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x/vgo: should we allow replace for "old" code? #25739
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What version of Go are you using (
Each package needs to be able to compile on its own. To do that it needs to know that the GOPATH looks like. Aside from a possible technical issue to overcome, mixing code without a module file (and thus without a understanding of where it is in GOPATH) and "new" code with a mod file seems like it would increase confusion. Probably
I suspect this would be a bad idea.
As a counter proposal, maybe make it possible to reference "old code" by referencing the GOPATH like:
edit: I'm not advancing the requirement of referencing old code, but if this does turn out to be an issue, I think the GOPATH ref might be a good alternative.
I'm curious: do you have the same problem if you use
I could see a reasonable argument for
This was my initial feeling. But given Russ' comments in #25662 (comment) I didn't know whether adding
Just to be clear, this is definitely a question, not a proposal. I'm just trying to understand how this "flow" is supported (unless others feel the use case is more an edge case?)
The reason for containing
The alternative would of course be for me to fork the repo, but then I think we're caught short again here. Because imagine I fork the repo to
The replacement line must point at a module. If you are preparing a module in a local file system directory, then part of preparing it is having a go.mod. In the future it will be common for your clone of someone's repo to bring in a go.mod. Until then, you need to make it. It is important to know what the replacement module believes its import path base is (the module path) as well as what its requirements are (which may differ from the original, and which will not be consulted anyway). For both these reasons the go.mod must be present and cannot simply be inferred.
Now, it's true that if you said to replace some other thing => rsc.io/pdf v0.1.1 then that would work even though the code in github.com/rsc/pdf at tag v0.1.1 has no go.mod file. But that's because the combination "rsc.io/pdf v0.1.1" is going through a resolution process that does in fact construct a synthetic go.mod file as best it can from the sources. But a plain directory full of files does not carry the same context.
Re invariants, it is fine to put a module line that says what the code in that directory believes that directory's import path to be. That's what vgo get is doing on download.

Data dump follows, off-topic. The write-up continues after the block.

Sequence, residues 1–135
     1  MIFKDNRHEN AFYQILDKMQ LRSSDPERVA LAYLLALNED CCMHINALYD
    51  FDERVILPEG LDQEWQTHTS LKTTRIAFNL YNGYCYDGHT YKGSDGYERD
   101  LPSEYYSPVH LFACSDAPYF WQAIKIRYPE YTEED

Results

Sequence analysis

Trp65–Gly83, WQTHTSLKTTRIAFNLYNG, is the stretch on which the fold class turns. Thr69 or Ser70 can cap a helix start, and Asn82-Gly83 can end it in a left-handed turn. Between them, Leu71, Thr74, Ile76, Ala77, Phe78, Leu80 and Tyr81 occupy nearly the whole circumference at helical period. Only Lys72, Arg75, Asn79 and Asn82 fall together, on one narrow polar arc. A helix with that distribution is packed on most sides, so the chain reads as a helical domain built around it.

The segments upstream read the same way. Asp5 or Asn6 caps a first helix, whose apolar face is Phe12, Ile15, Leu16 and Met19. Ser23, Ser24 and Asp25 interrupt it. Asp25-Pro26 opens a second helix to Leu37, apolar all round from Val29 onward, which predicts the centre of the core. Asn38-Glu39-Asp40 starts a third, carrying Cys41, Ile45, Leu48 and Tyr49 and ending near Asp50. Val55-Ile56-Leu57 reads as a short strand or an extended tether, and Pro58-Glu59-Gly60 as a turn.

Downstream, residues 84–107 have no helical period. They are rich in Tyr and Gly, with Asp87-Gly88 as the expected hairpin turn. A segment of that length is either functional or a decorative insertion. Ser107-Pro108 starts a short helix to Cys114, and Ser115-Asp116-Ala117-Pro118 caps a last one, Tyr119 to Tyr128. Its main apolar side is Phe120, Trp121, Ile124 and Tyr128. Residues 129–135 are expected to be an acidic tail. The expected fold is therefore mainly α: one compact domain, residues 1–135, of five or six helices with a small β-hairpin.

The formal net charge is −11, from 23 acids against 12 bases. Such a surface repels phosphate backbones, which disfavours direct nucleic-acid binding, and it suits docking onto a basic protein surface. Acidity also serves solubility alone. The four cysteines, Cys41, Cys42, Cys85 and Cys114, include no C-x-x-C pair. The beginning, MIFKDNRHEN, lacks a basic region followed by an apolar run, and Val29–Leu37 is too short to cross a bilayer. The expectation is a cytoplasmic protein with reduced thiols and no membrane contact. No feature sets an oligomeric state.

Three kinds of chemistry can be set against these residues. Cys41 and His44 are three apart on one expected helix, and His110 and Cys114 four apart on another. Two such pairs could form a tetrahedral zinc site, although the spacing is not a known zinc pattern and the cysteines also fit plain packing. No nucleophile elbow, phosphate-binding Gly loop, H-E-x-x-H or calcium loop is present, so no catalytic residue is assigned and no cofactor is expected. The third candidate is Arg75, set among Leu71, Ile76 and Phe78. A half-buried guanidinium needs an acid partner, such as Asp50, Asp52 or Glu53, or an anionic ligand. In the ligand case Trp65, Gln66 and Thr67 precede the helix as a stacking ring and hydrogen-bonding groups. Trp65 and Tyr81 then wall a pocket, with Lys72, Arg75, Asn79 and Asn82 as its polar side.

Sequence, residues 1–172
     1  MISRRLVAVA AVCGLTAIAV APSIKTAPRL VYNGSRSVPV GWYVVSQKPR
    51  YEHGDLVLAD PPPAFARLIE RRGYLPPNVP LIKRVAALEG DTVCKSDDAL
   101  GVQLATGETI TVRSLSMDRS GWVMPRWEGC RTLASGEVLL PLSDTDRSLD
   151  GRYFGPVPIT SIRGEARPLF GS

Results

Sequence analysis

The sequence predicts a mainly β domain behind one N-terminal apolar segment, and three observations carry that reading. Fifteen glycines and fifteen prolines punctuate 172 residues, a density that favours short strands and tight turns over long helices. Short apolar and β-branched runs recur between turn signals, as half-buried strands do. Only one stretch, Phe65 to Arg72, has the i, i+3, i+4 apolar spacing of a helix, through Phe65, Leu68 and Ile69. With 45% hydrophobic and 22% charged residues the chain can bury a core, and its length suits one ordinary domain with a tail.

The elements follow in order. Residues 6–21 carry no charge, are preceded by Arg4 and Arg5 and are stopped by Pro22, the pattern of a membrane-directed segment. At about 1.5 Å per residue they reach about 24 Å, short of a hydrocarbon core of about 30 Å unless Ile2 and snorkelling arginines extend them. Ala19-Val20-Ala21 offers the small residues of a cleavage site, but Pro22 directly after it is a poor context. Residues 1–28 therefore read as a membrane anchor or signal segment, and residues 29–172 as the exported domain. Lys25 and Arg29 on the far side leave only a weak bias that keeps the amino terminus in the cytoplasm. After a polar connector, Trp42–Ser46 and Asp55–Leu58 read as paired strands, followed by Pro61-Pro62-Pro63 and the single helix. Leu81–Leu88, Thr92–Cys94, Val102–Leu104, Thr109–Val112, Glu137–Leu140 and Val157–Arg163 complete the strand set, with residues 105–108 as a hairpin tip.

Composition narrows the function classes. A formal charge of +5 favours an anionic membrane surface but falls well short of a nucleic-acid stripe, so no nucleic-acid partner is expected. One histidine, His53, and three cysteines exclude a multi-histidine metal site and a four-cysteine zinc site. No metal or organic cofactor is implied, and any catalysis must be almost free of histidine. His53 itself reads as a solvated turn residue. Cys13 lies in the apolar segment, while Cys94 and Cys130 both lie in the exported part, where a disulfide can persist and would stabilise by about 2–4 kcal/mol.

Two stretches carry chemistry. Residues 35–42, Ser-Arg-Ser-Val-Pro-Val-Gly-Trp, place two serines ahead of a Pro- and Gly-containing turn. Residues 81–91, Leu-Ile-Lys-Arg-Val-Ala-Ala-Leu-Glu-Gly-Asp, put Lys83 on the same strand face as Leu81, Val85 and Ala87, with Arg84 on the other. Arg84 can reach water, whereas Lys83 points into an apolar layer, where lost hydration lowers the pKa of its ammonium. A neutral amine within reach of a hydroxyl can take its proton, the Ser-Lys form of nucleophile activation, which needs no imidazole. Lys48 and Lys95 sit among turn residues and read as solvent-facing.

As for the auto-generated go.mod not being in the $GOPATHfirstname.lastname@example.org directory, that's true, it's not there. It's in $GOPATH/src/v/cache/rsc.io/pdf/@v/v0.1.1.mod instead. The unpacked source directory is a pristine copy of exactly what is in the zip file ($GOPATH/src/v/cache/rsc.io/pdf/@v/v0.1.1.zip), so that we can compute its hash and expect that hash to be never-changing. In contrast, the details of auto-generating a go.mod from a file tree do change, as we fix bugs and make the conversion more capable. If go.mod lived in that source directory, the hash would change as vgo did, which would not break go.modverify (soon to be go.sum) verification. Instead the mod is kept in the cache directory, alongside the zip file. You'll also notice that it has a comment at the top with a version number:
That version number indicates the version of the converter used to generate the mod file. (Really a made-up number, it didn't need to look like semver.) Each time we make a substantial change to the converter and need to invalidate old conversions, we can bump the number in the vgo source code, and it will treat all those cached files as stale and regenerate them from the original source trees.
Bringing things back to the ../pdf directory, it should suffice to do
which will page in whatever rsc.io/pdf needs (nothing, it turns out). I've been wondering about some kind of 'vgo initmod rsc.io/pdf' command but I'm relucant to put something there that will be under significant pressure to grow in scope without bound.